Premixed (Humalog mix 25, mix 50, Novomix 30) partial coverage
glargine (Lantus) SA A) Type 1 DM or B) Type 2 DM > 17 years old, and 1) requiring insulin and is currently taking insulin NPH and/or pre-mix insulin daily at optimal dosing
2) Has experienced unexplained nocturnal hypoglycemia at least once a month despite optimal management
3) Has experienced or continues to experience severe, systemic or local allergic reaction to existing insulin treatment.
detemir (Levemir) SA same as Lantus
new glargine (Toujeo) not listed
Insulin secretagogue: Meglitinide repaglinide (gluconorm) Less hypoglycemia in context of missed meals but usually requires TID to QID dosing not listed
Insulin secretagogue: Sulfonylurea glyburide Gliclazide and glimepiride associated with less hypoglycemia than glyburide covered
gliclazide SA (listed everywhere else in Canada) Treatment failure or intolerance to at least one other sulfonylurea drug (e.g., glyburide, tolbutamide) at adequate doses.
SGLT2 inhibitors canagliflozin (Invokana) UTI, genital infections, hypotension, hyperlipidemia, caution with renal dysfunction and loop diuretics, dapagliflozin not to be used if bladder cancer, rare diabetic ketoacidosis (may occur with no hyperglycemia) 1 year manufacturer coverage with special plan
dapagliflozin (Forxiga) 1 year manufacturer coverage with special plan
empagliflozin (Jardiance) not listed
TZD rosiglitazone CHF, edema, fractures, rare bladder cancer (pioglitazone), cardiovascular controversy (rosiglitazone), 6-12 weeks required for maximal effect delisted
pioglitazone SA same as onglyza
Weight loss agent (orlistat) orlistat GI side effects not listed
Combination Drugs sitagliptin and metformin (Janumet) delisted
linagliptin and metformin (Jentadueto) SA same as onglyza

What I learned from St Paul’s CME 2014 Part 1

This is planned to be an 8-part series highlighting the take-home points I picked up during the St. Paul’s Hospital CME Conference 2014.

Pearls from Part 1 “Internal Medicine”:

Alcoholism – Dr. Paul Farnan

  1. Screen alcohol use disorders routinely to catch those of whom do not appear to have a significant social or occupational impairment.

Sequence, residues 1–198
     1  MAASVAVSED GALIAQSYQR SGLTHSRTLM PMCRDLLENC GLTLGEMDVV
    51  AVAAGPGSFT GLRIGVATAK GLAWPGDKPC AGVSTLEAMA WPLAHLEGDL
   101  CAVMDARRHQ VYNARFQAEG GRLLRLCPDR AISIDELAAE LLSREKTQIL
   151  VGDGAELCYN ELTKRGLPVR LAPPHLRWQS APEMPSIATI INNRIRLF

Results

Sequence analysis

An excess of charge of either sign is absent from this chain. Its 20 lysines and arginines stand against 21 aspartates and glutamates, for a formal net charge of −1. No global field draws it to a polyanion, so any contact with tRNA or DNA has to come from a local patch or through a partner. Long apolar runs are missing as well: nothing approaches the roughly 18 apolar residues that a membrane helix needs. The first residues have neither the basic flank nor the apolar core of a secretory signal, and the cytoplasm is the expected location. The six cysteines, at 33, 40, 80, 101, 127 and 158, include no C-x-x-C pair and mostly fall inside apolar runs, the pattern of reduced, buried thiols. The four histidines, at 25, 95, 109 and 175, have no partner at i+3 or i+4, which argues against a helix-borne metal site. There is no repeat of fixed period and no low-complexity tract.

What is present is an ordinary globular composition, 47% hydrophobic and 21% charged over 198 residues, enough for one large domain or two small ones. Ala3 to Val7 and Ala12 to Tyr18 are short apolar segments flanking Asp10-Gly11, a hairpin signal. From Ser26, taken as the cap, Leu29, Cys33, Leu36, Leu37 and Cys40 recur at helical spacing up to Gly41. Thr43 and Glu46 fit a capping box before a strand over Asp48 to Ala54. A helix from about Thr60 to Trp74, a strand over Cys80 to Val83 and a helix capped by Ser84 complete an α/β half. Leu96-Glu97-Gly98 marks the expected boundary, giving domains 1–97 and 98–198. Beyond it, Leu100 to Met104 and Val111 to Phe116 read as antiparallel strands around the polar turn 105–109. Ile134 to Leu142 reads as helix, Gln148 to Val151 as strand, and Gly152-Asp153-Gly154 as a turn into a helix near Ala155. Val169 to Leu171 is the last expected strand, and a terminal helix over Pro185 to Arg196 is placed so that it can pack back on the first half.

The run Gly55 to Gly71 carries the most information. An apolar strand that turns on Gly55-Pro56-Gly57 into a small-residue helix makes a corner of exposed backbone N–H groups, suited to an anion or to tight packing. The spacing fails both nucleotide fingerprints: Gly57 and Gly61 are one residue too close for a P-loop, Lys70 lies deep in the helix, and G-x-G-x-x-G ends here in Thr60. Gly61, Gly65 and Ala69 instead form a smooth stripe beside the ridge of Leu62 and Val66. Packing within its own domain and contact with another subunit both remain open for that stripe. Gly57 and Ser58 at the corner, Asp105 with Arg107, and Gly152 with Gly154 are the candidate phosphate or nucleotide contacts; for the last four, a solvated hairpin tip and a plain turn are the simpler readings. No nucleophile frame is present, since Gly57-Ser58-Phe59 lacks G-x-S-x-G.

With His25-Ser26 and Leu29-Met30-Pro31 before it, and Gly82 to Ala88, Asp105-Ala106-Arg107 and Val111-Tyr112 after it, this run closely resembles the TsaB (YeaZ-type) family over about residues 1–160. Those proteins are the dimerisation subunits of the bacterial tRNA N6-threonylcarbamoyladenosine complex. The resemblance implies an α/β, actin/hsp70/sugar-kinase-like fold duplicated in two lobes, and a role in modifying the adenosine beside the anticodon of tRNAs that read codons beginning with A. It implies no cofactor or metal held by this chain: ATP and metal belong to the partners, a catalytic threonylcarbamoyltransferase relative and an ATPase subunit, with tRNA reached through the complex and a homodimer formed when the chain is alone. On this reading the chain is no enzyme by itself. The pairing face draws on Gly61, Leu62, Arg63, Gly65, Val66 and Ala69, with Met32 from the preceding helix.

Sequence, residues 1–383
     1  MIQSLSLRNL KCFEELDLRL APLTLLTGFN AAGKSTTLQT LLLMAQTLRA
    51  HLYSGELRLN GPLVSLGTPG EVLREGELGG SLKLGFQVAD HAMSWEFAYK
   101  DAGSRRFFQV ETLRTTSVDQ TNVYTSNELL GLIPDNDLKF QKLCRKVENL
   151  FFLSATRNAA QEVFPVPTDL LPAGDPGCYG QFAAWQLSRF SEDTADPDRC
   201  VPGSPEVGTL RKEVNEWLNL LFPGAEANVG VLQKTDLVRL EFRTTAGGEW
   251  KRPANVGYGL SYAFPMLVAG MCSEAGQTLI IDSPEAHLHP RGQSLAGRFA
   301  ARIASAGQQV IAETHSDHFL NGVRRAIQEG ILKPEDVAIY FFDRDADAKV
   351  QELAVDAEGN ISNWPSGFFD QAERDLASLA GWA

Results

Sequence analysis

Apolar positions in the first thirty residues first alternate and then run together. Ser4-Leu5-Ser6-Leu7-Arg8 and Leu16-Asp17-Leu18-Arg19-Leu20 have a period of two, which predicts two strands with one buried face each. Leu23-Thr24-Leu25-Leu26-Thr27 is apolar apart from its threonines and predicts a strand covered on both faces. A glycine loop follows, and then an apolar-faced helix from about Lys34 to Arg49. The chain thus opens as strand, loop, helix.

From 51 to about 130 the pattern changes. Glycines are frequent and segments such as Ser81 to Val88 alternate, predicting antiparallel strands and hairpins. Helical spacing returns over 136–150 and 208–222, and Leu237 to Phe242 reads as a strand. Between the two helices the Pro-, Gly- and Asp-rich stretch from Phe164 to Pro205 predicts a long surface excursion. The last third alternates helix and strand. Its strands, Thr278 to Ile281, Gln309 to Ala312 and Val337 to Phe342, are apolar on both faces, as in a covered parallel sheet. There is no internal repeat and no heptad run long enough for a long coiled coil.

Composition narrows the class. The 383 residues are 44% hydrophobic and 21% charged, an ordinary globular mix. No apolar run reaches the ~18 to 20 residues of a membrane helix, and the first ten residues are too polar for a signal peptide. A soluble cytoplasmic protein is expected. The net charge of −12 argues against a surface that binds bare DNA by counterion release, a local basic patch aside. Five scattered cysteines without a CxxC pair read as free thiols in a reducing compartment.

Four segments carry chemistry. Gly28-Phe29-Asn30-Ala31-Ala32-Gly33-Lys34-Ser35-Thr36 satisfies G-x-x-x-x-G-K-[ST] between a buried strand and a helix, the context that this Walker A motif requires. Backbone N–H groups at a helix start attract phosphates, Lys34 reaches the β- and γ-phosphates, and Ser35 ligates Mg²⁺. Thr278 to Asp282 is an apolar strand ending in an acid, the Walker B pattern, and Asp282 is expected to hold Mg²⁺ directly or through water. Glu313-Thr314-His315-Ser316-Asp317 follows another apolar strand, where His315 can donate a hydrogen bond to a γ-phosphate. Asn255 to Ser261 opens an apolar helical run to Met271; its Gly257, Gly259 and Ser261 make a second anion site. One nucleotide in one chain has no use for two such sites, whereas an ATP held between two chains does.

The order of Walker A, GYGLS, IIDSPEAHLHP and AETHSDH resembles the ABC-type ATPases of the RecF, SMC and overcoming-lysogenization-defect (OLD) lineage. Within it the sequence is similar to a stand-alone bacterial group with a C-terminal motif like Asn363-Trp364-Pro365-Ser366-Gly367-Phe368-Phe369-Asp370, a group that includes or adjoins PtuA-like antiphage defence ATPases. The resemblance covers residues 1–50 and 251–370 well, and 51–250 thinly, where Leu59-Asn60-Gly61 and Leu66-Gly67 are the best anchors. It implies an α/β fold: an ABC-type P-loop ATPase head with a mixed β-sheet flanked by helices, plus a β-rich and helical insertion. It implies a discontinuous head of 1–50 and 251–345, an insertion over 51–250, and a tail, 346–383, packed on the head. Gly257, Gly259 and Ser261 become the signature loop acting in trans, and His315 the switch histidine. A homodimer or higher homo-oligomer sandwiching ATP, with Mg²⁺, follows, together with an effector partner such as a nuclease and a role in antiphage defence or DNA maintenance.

2. Use assertive statements to convey the concern regarding someone’s alcohol use.
  3. Peer support is strongly recommended. Patients should try multiple meetings at different groups before concluding that they are not helpful, as the groups vary in their structure and member characteristics.
  4. Medical treatments may be considered in select patients: naltrexone, acamprosate, disulfiram.

Gout – Dr. Hyon Choi

  1. Screen for HLA-B*5801 in Asians (esp. Chinese, Thai, and Korean patients) before starting alopurinol.
  2. Look for concurrent metabolic disorders.
  3. “Medication in the pocket” strategy for acute flares: colchicine 1.2mg po x1 then 0.6mg po in 1 hour.
  4. Use losartan or CCB for concurrent hypertension.
  5. Low-carb diet and avoid foods with highest purine content.

Cellulitis – Dr. Val Montessori

  1. Non-purulent cellulitis, most likely caused by Group A Strep, treat with cephalexin (Keflex) 500mg po QID
  2. Purulent cellulitis, most likely Staph Aureus but still possibly GAS, treat with Septra DS PO BID, and cover GAS with Keflex.
  3. Complicated wounds, consult ID.

HCV – Dr. Edward Tam

  1. New therapy more tolerable and has a 95% cure rate, but also exceedingly expensive.
  2. Refer all HCV RNA positive patients to hepatologists for assessment of treatment.

This Changed My Practice – Dr. Steve Wong

OSA – Dr. Pearce Wilcox

  1. Co-morbidities with metabolic syndrome -> screen for metabolic syndromes in patients with OSA, and vice versa